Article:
LET GIRLS BE GIRLS - END CHILD
- Executive Director
married at 11 and now 14, speaks to a relative holding her 4-month-old baby
Alok at her house in a village in
On 17 April, my attention was drawn to a very tragic story in the Times
of India, under the headline, “Early motherhood forcing young brides to
bury aspirations.” It is about an 18-year-old girl who killed her two-day-old
It also reminded me of another story, in
Afghan law forbids marriage below the age of 16, but many girls end up being
married even at 13. Getting reliable data on child marriages is difficult, but
estimates show that about 40 percent of Afghani women are married by the age of
Harmful practices such as child marriage are not a
challenge only in
Child marriage can also have fatal health consequences for young girls. When married, girls are often expected to prove their fertility by getting pregnant. Each year, 16 million girls aged 15-19 give birth, 90 percent of them within marriage. However, girls are often not fully developed physiologically and for many reasons face barriers in seeking timely, appropriate care, putting them at an increased risk of experiencing complications during pregnancy or delivery.
Such complications can result in death or in long-term illnesses and injuries including obstetric fistula—a childbirth injury that results in a tear between the birth canal and the bladder or rectum, causing the girl to leak urine and/or human waste. About 300 million girls and women are living today with maternal illnesses and injuries.
Moreover, the married girls are often taken out of school and have very limited life opportunities. Meanwhile, girls who are able to finish school and maybe even to get a secondary education have much better possibilities to earn a living, to decide themselves when and whom to marry, when to become mothers, to invest in their children’s future and ultimately to help themselves and their families out of poverty. This will ultimately contribute to the prosperity of their communities and countries.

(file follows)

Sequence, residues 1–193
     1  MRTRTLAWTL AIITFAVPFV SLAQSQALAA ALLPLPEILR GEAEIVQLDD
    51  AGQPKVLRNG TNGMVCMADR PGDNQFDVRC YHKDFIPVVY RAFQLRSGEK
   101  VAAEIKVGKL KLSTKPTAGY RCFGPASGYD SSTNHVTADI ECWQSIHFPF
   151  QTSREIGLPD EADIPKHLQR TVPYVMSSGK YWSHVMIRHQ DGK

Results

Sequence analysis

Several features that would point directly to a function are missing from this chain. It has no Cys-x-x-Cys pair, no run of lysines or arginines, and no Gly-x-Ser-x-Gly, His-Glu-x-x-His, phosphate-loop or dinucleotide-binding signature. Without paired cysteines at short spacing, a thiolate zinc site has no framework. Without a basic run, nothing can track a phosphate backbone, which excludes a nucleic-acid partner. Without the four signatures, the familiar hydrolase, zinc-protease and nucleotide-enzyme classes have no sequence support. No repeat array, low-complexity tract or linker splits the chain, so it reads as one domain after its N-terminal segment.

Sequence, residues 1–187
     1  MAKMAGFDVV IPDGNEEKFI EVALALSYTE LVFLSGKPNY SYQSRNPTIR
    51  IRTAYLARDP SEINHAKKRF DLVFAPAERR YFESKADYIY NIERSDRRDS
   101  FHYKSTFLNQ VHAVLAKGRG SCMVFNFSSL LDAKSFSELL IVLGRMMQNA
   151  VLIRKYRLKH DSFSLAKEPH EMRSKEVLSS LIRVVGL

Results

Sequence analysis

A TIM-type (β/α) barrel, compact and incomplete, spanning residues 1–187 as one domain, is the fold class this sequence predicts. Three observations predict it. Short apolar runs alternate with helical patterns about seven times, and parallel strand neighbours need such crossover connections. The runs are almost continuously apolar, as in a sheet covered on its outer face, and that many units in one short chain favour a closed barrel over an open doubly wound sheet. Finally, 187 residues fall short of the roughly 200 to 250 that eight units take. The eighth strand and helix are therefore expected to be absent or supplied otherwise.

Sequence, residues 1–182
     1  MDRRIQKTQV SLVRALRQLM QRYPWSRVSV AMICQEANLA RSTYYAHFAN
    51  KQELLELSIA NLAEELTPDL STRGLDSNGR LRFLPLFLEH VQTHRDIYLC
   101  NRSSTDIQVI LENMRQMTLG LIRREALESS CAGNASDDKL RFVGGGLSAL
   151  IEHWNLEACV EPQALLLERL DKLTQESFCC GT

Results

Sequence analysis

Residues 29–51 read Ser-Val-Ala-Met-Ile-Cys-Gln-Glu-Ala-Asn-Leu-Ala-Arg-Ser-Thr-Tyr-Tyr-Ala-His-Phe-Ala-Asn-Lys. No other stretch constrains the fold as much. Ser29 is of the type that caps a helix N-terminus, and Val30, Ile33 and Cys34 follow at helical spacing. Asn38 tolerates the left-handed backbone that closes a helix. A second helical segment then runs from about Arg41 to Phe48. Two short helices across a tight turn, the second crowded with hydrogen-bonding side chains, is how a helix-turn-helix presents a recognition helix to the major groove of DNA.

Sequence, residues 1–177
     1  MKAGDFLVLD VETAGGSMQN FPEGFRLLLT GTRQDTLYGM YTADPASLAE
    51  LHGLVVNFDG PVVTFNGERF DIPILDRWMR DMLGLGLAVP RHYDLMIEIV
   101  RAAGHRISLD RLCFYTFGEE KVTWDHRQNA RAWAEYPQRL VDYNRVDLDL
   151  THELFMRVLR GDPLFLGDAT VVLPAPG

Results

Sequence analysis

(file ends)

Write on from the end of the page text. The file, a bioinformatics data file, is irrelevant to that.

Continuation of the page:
Preventing child marriage will also help reduce the risk of girls being subjected to violence and social isolation, which is often a result of young girls marrying into families they don’t know. Hence, the prevention of child marriage has manifold benefits for girls’ well-being, health, education, childhood and their basic rights to determine their own future.
UNFPA, the United Nations Population Fund, together with its partners, works to end child marriage and other harmful practices, including gender-biased sex selection and female genital mutilation/cutting. In addition to being a goal in itself, this is also an important first step towards enabling girls to realize their full potential, educate themselves, contribute more to the labour market and, eventually, to break the cycle of intergenerational poverty for their own sake, as well as for their communities’ and countries’ development.
UNFPA supports national governments and civil society in improving and
enforcing national legislation against child marriage and supports
information-sharing with local communities on girls’ rights and the negative
consequences of child marriages. We invest in programmes that create safe
spaces for girls to avoid child marriage, build up their education, economic
and health assets. On a global scale, UNFPA works with many governments and other
partners to ensure that girls’ rights to determine their future and to obtain
sexual and reproductive health are anchored strongly in the post-2015
development agenda and become a policy priority both in developing and fragile
countries, such as
Our hope is that, through common efforts, we can ensure that not only Freshta, but also her younger sister and all other girls in the world, can escape harmful practices and enjoy the right to be girls.
When they enjoy this right, they can consequently enjoy other human and civil rights, such as education as well as economic, social and political participation and decision-making. When they exercise all of these rights, they can fulfil their own and humanity’s potential: to eliminate poverty, eradicate maternal death and propel economic development.